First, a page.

The following is a guest post by Jenny Paxson, an Administrative Assistant at the Packard Campus.
Friday, June 24 (7:30 p.m.)
The North Star (RKO, 1943)
Designed to gather sympathy for the Russian people and strengthen American support for the U.S. government’s alliance with the Soviet Union during World War II, Lewis Milestone’s 1943 drama focuses on the people of a tranquil Soviet farming collective in 1941 whose lives are shattered following a violent invasion by the Germans. Scripted by Lillian Hellman, with cinematography by James Wong Howe, the film features a stellar cast including Anne Baxter, Dana Andrews, Walter Huston, Erich von Stroheim, Walter Brennan and, in his film debut, Farley Granger. The North Star was condemned by some as Communist propaganda, but it had its supporters among prominent film critics. Nominated for six Academy Awards, it is a fascinating blend of politics and melodrama. This film is being screened in commemoration of the 75th anniversary of the invasion of the Soviet Union by Germany in June, 1941. 108 minutes.
Saturday, June 25 (2 p.m.)
Ruggles of Red Gap (Paramount, 1935)
Charles Laughton, known for such serious roles as Emperor Nero, King Henry XIII and later as the 1935 Captain Bligh, takes on comedy in this tale of an English manservant won in a poker game by American Charlie Ruggles, a member of Red Gap, Washington’s extremely small social elite. Laughton, in understated valet fashion, worriedly responds: “North America, my lord. Quite an untamed country I understand.” However, once in America, he finds not uncouth backwoodsmen but rather a more egalitarian society that soon has Laughton reciting the Gettysburg Address, catching the American spirit and becoming a successful businessman. Aided by comedy stalwarts ZaSu Pitts, Mary Boland and Roland Young, Laughton really shows his acting range and pulls off comedy perfectly. This film has been rescheduled from January 2016, when it was cancelled due to inclement weather. Ruggles of Red Gap was named to the National Film Registry in 2014.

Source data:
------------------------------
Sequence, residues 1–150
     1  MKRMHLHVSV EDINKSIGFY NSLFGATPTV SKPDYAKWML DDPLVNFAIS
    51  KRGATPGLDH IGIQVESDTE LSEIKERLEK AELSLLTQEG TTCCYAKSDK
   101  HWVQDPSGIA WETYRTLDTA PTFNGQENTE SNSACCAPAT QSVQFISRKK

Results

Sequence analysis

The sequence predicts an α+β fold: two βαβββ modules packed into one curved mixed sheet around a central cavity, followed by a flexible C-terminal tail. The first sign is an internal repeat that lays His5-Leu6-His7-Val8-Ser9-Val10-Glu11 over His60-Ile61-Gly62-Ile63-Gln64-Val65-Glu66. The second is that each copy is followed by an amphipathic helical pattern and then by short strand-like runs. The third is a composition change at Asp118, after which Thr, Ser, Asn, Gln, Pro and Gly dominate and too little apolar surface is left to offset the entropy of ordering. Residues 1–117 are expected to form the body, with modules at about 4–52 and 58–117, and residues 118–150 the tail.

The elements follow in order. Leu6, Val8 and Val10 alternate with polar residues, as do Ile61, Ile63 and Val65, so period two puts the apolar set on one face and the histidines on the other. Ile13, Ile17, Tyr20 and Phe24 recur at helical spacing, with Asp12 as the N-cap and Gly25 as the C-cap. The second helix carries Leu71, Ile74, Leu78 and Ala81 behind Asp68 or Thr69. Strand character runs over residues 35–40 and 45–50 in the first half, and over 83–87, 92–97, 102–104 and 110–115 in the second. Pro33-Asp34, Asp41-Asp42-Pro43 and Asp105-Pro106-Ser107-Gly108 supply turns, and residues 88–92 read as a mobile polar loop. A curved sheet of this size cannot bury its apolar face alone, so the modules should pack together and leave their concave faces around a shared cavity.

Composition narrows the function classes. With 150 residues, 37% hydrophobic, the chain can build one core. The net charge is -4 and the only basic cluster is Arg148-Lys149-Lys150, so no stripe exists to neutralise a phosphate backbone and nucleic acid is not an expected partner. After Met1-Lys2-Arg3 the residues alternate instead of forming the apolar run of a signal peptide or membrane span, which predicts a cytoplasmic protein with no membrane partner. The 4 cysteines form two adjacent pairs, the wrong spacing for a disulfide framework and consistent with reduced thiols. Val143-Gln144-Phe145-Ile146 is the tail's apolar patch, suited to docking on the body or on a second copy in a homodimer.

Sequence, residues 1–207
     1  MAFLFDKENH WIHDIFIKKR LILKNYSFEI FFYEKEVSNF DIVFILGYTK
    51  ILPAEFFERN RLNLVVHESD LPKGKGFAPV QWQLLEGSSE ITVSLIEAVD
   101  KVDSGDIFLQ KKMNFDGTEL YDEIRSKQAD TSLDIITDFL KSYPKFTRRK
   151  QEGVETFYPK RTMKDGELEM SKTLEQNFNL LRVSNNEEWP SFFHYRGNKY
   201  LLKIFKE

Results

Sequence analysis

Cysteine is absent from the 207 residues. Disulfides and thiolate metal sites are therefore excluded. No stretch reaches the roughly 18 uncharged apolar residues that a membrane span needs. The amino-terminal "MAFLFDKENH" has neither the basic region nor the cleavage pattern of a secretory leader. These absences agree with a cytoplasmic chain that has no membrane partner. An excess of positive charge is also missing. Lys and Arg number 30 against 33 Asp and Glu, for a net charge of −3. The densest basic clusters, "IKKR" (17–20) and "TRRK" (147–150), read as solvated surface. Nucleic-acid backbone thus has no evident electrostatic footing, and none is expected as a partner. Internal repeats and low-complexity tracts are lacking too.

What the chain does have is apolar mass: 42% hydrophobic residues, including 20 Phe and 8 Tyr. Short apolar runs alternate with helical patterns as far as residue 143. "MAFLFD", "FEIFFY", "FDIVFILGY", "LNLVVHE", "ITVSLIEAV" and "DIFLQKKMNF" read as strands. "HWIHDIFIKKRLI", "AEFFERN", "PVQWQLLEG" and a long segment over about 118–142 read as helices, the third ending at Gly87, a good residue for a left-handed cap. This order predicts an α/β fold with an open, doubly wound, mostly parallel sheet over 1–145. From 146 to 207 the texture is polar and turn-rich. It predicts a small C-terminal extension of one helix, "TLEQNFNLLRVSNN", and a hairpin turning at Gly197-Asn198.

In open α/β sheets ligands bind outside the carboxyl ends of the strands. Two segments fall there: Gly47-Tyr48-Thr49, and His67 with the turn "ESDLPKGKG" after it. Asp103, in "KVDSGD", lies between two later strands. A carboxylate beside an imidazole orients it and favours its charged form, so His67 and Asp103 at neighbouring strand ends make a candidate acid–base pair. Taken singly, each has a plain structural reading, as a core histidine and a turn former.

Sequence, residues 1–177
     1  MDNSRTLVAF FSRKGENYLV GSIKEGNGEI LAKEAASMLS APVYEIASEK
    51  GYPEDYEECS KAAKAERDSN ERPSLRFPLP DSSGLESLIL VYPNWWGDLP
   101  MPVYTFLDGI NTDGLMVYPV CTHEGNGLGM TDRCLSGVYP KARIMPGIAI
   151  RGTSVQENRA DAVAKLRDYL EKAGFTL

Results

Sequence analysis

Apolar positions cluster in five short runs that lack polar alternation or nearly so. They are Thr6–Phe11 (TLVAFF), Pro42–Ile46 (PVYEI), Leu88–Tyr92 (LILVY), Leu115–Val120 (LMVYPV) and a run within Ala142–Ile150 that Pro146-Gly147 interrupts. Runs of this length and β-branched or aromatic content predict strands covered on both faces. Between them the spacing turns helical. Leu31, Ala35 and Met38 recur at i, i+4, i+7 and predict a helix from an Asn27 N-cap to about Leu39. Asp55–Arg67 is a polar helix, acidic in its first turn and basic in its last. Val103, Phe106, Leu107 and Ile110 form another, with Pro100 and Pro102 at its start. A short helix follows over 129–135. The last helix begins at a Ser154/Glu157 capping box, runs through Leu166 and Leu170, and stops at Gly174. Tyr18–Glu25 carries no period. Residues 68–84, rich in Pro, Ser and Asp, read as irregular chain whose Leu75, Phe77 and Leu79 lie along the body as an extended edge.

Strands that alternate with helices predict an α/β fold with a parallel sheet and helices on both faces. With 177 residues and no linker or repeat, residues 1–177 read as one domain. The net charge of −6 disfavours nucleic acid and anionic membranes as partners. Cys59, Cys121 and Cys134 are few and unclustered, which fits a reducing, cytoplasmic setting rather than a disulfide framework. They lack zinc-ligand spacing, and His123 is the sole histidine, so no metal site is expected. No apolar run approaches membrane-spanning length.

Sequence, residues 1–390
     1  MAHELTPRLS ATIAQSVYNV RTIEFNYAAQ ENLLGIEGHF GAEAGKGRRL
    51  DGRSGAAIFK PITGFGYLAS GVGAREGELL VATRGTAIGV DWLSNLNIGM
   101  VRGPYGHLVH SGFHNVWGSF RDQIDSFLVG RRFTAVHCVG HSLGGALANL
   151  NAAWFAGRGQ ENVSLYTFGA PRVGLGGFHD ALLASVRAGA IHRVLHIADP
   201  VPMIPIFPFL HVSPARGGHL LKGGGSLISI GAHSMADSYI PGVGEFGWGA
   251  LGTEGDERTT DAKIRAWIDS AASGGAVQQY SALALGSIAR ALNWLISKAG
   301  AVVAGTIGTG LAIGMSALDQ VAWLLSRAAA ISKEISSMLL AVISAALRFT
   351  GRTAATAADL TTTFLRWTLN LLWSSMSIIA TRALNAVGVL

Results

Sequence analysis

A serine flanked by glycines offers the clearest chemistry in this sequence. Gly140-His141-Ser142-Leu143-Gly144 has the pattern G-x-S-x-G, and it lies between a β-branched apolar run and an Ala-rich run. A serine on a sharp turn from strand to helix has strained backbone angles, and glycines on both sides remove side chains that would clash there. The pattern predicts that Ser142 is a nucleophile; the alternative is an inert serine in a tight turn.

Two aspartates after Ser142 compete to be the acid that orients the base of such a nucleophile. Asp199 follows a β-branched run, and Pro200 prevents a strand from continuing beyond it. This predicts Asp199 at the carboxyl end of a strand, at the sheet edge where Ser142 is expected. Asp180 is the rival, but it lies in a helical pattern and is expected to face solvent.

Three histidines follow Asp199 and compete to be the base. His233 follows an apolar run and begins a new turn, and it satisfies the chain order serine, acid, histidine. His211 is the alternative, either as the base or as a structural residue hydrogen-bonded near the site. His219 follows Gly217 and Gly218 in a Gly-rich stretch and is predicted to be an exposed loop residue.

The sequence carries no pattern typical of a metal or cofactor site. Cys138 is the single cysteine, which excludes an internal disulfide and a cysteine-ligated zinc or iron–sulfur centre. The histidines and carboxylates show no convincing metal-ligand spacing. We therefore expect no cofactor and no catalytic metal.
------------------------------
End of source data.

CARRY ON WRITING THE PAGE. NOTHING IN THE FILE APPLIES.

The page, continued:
Saturday, June 25 (7:30 p.m.)
A Streetcar Named Desire (Warner Bros., 1951)
In this outstanding production of Tennessee Williams’ Pulitzer Prize-winning play, and directed by Elia Kazan, Vivien Leigh portrays the fragile schoolteacher, Blanche DuBois, who leaves her hometown under mysterious circumstances to stay with her pregnant sister, Stella (Kim Hunter), in New Orleans. Marlon Brando gave a stand-out performance as Stella’s brutish husband Stanley who resents Blanche’s presence and accuses her of squandering the family inheritance. Nominated for 12 Academy Awards and winner of four, A Streetcar Named Desire was added to the National Film Registry in 1999 and the original soundtrack recording from the film with music composed by Alex North was added to the National Recording Registry in 2015.
For more information on our programs, please visit the website at: www.loc.gov/avconservation/theater/.